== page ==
Dickerson F, Katsafanas E, Schweinfurth LA, Savage CL, Stallings C, Origoni A, Khushalani S, Lillehoj E, & Yolken R. (2015) Immune alterations in acute bipolar depression. Acta psychiatrica Scandinavica. PMID: 26061032  

  • July 1, 2015
  • 02:19 PM
  • 52 views

New epigenetic mechanism revealed in brain cells

by Dr. Jekyll in Lunatic Laboratories

For decades, researchers in the genetics field have theorized that the protein spools around which DNA is wound, histones, remain constant in the brain, never changing after development in the womb. Now, researchers from the Icahn School of Medicine at Mount Sinai have discovered that histones are steadily replaced in brain cells throughout life – a process which helps to switch genes on and off.... Read more »

Maze, I., Wenderski, W., Noh, K., Bagot, R., Tzavaras, N., Purushothaman, I., Elsässer, S., Guo, Y., Ionete, C., Hurd, Y.... (2015) Critical Role of Histone Turnover in Neuronal Transcription and Plasticity. Neuron, 87(1), 77-94. DOI: 10.1016/j.neuron.2015.06.014  

  • July 1, 2015
  • 06:24 AM
  • 45 views

Offspring autism risk and advancing parental age (differences)

by Paul Whiteley in Questioning Answers

Parental age at offspring conception/birth in relation to offspring autism risk has been a recurrent theme in autism research circles for quite a few years now. I've covered it more than once on this blog (see here for example) and the various suggestions that advancing parental age in particular, might elevate the risk of offspring autism.Set in this context, the paper by Sven Sandin and colleagues [1] (open-access) (a name not unfamiliar to this blog) adds to the research evidence based on the........ Read more »

Sandin S, Schendel D, Magnusson P, Hultman C, Surén P, Susser E, Grønborg T, Gissler M, Gunnes N, Gross R.... (2015) Autism risk associated with parental age and with increasing difference in age between the parents. Molecular psychiatry. PMID: 26055426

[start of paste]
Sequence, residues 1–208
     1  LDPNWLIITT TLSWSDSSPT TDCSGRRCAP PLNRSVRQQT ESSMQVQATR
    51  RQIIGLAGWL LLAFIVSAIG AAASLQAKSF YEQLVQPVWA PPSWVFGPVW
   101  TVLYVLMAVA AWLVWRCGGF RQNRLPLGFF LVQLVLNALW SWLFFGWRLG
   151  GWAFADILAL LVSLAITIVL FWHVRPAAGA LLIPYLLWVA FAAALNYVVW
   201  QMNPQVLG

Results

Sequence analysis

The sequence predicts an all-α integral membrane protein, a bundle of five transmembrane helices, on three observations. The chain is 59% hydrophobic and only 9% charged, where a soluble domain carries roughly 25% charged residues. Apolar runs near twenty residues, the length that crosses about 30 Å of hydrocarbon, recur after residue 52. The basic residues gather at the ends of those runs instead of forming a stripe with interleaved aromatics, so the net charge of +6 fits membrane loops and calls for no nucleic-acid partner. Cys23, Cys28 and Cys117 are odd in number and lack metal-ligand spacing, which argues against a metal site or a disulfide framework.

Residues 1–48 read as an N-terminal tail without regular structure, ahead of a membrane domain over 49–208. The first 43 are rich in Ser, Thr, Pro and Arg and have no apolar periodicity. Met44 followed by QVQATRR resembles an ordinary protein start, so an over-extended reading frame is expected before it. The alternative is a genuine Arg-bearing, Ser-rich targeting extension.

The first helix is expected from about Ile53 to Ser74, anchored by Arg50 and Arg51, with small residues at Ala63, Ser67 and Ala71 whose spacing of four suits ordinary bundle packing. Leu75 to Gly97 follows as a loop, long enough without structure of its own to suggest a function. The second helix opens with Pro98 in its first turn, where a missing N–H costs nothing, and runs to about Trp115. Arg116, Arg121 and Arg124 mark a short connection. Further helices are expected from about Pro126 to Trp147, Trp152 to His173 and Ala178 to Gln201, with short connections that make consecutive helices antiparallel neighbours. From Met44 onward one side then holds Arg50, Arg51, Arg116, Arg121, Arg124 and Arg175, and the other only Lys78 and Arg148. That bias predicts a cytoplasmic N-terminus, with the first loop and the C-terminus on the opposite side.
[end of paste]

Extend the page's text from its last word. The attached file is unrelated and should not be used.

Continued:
• July 1, 2015
  • 01:43 AM
  • 66 views

Technologies and Generations

by Aurametrix team in Health Technologies

Children no longer obey their parents; every man wants to write a book and the end of the world is evidently approaching. So said a clay tablet inscribed almost 5 thousand years ago. But the world still stands, although we do go through golden and dark ages and societies rise and fall. Technology's golden age is now. or so we hope. How are current generations influenced by it and how will they shape the future world? Even as they age, Baby Boomers embrace emerging technologies such as smartphone........ Read more »

Costanza, D., Badger, J., Fraser, R., Severt, J., & Gade, P. (2012) Generational Differences in Work-Related Attitudes: A Meta-analysis. Journal of Business and Psychology, 27(4), 375-394. DOI: 10.1007/s10869-012-9259-4  

Becton, J., Walker, H., & Jones-Farmer, A. (2014) Generational differences in workplace behavior. Journal of Applied Social Psychology, 44(3), 175-189. DOI: 10.1111/jasp.12208  

  • June 30, 2015
  • 02:56 PM
  • 51 views

Women’s faces get redder at ovulation, but human eyes can’t pick up on it

by Dr. Jekyll in Lunatic Laboratories

Previous studies have shown that men find female faces more attractive when the women are ovulating, but the visual clues that allow this are unclear. Now, new research investigating whether it might be to do with subtle changes in skin colour has shown that women’s faces do increase in redness during ovulation, but the levels of change are just under the detectable range of the human eye.... Read more »